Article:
White House Press Secretary Jay Carney doesn't like when you apply the same logic governing wages in private businesses to his employer's own payroll. As President Obama prepares to sign an executive order addressing the gender gap in federal contractors' wages, critics have pointed out that female White House staffers make an average of 88 cents for every dollar male staffers earn.
Carney protested that this was misleading, because women and men holding similar positions at the White House are paid equivalent salaries. Because women outnumber men at the lowest levels of the employee chain, however, the average female salary at the White House is lower.
Carney is right: It is misleading to average the salaries of men and women in widely varying positions and then use this as evidence that women are being discriminated against. That women disproportionately make up lower-paid positions may point to some broad, systematic gender bias, past or present, but it doesn't equal outright sexist behavior on an employer's part.
It's good that Carney acknowledges this as far as the White House is concerned, because the Obama administration and many others are quick to gloss over nuance like this when talking about the wage gap in general. We frequently hear that American women make only 77 cents for every dollar men make, but this is based on data that fail to account for women's work histories and life choices. It aggregates the earnings of women in all positions and compares this average against the earnings of all men.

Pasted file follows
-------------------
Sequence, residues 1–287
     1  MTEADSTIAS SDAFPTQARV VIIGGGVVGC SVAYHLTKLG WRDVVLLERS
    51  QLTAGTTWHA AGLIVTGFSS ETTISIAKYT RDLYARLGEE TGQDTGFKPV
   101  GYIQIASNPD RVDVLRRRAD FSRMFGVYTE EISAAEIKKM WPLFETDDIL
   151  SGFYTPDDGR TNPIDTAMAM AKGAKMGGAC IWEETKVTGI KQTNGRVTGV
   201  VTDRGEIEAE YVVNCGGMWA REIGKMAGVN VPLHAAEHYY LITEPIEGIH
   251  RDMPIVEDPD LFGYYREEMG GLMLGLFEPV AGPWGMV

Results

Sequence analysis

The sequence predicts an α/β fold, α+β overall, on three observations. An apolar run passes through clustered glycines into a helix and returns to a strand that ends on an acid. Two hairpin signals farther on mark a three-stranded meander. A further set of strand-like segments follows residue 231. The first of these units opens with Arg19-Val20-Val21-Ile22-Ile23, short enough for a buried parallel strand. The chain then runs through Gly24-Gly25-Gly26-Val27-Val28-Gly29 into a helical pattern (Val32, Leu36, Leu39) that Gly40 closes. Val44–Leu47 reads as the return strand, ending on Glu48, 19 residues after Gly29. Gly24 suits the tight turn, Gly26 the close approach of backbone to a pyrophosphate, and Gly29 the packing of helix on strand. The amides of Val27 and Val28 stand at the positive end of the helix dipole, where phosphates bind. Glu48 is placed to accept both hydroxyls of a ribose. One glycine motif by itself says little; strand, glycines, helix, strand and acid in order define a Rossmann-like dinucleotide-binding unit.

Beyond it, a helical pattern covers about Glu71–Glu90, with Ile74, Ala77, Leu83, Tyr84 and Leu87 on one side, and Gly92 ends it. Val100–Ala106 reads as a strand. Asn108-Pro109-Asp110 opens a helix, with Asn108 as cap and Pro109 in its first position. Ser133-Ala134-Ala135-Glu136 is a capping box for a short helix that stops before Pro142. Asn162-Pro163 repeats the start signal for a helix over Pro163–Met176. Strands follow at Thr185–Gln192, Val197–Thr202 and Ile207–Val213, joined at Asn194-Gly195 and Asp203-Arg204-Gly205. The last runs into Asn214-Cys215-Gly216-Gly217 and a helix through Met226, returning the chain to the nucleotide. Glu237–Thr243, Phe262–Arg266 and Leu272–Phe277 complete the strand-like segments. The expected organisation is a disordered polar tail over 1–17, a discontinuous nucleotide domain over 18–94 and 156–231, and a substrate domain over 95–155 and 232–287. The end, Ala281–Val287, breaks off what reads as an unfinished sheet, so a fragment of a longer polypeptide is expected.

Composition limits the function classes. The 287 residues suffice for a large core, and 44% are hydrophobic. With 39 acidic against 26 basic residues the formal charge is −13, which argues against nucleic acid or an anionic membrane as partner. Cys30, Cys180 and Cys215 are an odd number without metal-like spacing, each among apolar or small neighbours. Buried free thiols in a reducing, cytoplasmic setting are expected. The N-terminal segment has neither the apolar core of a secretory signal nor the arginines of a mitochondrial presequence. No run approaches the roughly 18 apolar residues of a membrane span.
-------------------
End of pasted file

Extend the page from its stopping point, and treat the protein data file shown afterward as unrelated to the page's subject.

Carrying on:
As The Washington Post's Nia-Malika Henderson points out, "It's hard to find a study that finds no pay disparity in what men and women make,"—several studies place it closer to 84 cents on the dollar. But the gap is neither as wide nor as easily reduced as many would make it out to be. Though there are surely some occupations and companies where women get paid less out of plain old sexism, the wage gap overall seems a product of large but less nefarious structural and cultural forces.
These forces are certainly worth talking about. Why do women still flock to lower-paying fields and positions? How can women, men, and companies make having children less detrimental to women's careers? Why does the wage gap widen for older women even when they don't have children? Etcetera. But trotting out misleading statistics about women's wages not only fails to address these issues adequately, it actively works against addressing them. It makes things too simplistic, and thus given to simplistic solutions.
This week, Senate Democrats are (again) considering the "Paycheck Fairness Act," which would require employers to submit pay information annually for all employees. How will this help shrink the wage gap? No one's been too specific about that. But, hey, what's a little more bureaucracy when there's the spectacle of government action to uphold?
The bill would also make employers liable to civil actions for pay discrimination. Republicans in Congress say this is unnecessary, because gender-based discrimination is already illegal. But a vote against the bill is a good way to get painted as complicit in the Republican "war on women," so you can see why backing the lackluster legislation is a good political move for Democrats. Henderson notes in the Post that states where Democrats are running close races this year seem to contain Democrats most concerned about addressing the wage gap immediately.